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What to do with a slow Windows PC

Posted 08-15-2008 at 06:58 AM by Avoura
Updated 11-16-2008 at 06:40 PM by Avoura

Recently on a forum, a person said they were given an old PC running Windows and it was getting very slow. If you are in that position, read on.

If you have an old Windows XP PC, there is probably a lot of defragmentation on the hard drive, and lots of files from software that was installed and then uninstalled as well.

You should defragment the hard drive. Also scan for viruses and spyware, and rootkits. If it is still slow, then it might be best to back up all your data, make sure you have installation files/disks for all your software and OS, and then reformat the hard drive.

I always find it best to have a separate partition for the pagefile/swapfile, following the Linux model. This is because if the pagefile is mixed in with the Windows files and your documents, etc., it will get very badly fragmented. And as Windows uses the pagefile as an extension to its RAM, it needs to be in one contiguous file rather than lots of smaller files scattered all over the hard disk.

Decide on the size of pagefile you need. For example, if you have 1 GB of RAM, you might want a pagefile of 2 GB. Although if you have 2 GB of RAM you might want a max of 3 GB pagefile, I do not think there is a need to go larger than that. Now, assuming you are using Windows XP, you need to make sure that there is going to be at least 10% free space on the partition for the pagefile. Even though nothing else is going on there, other than one large fixed-size file, Windows XP complains if any partition has less than 200 MB of free space. So make your pagefile partition 2.2 GB if you intend to have a pagefile of 2 GB.

If you do not know how to create partitions, then you can use a program like GParted. Go to to download a live CD of the software, and then burn the ISO file to a CD as a disc image (not as a file on a disc). When that is completed, you should (after backing up all your data, etc.) then reboot the PC from the GParted CD.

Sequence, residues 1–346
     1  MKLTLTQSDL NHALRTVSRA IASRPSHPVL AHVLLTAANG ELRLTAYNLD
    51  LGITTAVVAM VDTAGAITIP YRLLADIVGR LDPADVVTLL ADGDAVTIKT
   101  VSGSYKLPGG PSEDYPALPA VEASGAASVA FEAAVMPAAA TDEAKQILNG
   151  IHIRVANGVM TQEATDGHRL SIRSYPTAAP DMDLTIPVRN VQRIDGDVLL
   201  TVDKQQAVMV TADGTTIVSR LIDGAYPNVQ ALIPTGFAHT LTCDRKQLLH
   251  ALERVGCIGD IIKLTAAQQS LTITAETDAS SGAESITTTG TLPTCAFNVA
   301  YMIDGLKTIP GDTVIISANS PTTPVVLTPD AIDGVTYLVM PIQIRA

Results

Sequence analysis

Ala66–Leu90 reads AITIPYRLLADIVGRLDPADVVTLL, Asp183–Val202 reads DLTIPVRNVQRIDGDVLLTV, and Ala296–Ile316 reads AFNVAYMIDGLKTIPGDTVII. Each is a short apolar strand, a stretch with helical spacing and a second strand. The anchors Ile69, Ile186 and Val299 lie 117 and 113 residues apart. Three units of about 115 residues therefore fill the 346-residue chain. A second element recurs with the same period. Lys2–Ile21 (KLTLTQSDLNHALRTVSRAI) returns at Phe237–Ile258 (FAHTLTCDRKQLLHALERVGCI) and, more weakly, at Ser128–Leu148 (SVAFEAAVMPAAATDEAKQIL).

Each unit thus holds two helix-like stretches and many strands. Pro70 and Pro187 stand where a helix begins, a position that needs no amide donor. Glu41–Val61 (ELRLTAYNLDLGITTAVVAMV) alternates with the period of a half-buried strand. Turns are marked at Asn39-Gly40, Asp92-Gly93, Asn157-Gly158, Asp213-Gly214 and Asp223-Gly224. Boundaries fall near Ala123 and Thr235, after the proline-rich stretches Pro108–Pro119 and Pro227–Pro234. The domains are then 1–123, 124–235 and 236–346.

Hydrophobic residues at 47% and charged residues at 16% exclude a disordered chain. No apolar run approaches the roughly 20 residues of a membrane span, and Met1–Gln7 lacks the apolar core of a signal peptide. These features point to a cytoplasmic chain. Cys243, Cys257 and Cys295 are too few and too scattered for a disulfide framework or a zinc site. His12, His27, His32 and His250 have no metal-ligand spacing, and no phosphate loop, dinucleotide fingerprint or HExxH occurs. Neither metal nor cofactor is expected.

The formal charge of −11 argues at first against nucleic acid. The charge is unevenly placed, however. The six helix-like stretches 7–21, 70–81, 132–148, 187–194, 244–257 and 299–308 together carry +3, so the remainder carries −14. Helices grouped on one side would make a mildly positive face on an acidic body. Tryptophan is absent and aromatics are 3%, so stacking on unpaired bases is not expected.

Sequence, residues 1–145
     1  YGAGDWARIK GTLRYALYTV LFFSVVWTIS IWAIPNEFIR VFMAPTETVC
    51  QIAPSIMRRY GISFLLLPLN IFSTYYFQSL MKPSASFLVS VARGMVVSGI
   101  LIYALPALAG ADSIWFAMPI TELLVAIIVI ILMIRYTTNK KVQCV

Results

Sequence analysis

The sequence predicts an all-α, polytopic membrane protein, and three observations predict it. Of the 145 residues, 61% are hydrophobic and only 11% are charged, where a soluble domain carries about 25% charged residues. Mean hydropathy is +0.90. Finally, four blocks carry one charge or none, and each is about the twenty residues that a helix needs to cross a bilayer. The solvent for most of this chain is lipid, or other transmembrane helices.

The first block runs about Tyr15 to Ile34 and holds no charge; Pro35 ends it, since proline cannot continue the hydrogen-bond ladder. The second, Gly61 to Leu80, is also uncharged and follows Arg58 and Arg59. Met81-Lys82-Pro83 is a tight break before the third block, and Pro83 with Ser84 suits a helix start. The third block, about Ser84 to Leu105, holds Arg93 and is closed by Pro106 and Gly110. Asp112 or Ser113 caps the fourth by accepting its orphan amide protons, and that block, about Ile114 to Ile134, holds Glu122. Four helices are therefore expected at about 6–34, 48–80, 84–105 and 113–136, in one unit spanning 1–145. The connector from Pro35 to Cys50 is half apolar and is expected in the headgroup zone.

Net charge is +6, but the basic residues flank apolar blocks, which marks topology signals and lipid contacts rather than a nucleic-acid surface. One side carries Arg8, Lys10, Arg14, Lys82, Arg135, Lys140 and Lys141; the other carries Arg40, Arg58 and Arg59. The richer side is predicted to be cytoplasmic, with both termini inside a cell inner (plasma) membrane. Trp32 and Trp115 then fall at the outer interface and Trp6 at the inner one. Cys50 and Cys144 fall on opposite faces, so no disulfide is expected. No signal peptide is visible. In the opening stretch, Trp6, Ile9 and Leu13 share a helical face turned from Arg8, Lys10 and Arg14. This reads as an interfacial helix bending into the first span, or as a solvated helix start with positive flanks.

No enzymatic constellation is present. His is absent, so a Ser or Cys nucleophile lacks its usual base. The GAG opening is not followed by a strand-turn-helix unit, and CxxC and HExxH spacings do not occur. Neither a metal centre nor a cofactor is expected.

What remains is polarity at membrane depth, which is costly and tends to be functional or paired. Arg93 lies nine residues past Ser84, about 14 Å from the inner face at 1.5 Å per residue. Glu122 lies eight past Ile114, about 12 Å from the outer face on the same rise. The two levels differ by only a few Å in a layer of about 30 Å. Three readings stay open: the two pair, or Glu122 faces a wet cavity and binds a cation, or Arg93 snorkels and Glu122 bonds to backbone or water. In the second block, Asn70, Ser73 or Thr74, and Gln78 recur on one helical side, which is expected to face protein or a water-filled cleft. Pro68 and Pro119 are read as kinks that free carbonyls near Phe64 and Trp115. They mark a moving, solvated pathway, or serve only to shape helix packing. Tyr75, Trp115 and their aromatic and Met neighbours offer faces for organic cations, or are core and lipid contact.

(Remember to change settings in the BIOS if the PC will not boot from a CD, to set the boot priority to CD before HDD).

It will then allow you to erase your existing partition and create new ones. Or you could just resize the existing partition and create a new one for the pagefile in the space created. More instructions on using the software can be found at Remember that for Windows XP you will need to make any new partition an NTFS partition.

Also, the first partition on the hard disk should be a primary partition. The second partition should be an extended partition, with a logical partition inside it for the pagefile. You can have several logical partitions if you wish. I tend to prefer to have a separate partition for my documents and data, away from the partition where the operating system is installed. Then if you need to reinstall the OS, you can format the OS partition without touching your data files.

You might also want to consider creating more logical partitions for other operating systems. For example, you might want to try out Linux in another partition. Ubuntu is very good and nearly all Linux distributions are free. You can download it for free from or request a CD completely free from (choose the desktop edition, unless you really want to set up a server and know how to do that).

The Ubuntu installation CD is also a Live CD, i.e. you can boot from it into a full version of the operating system to try it out before installing it. The Live CD will do nothing to your hard disk unless you request it, so it is perfectly safe. If you like it you can install it. It also comes with GParted, so you could use the Ubuntu Live CD to run GParted and manage your partitions if you so wish. If you do install Ubuntu, it will need its own partition (ext3 format, not NTFS) plus a swap partition. Ubuntu can read and write to NTFS partitions, but Windows XP cannot read or write to a Linux partition.

Whatever you do, I hope you end up with a faster and reliable PC.
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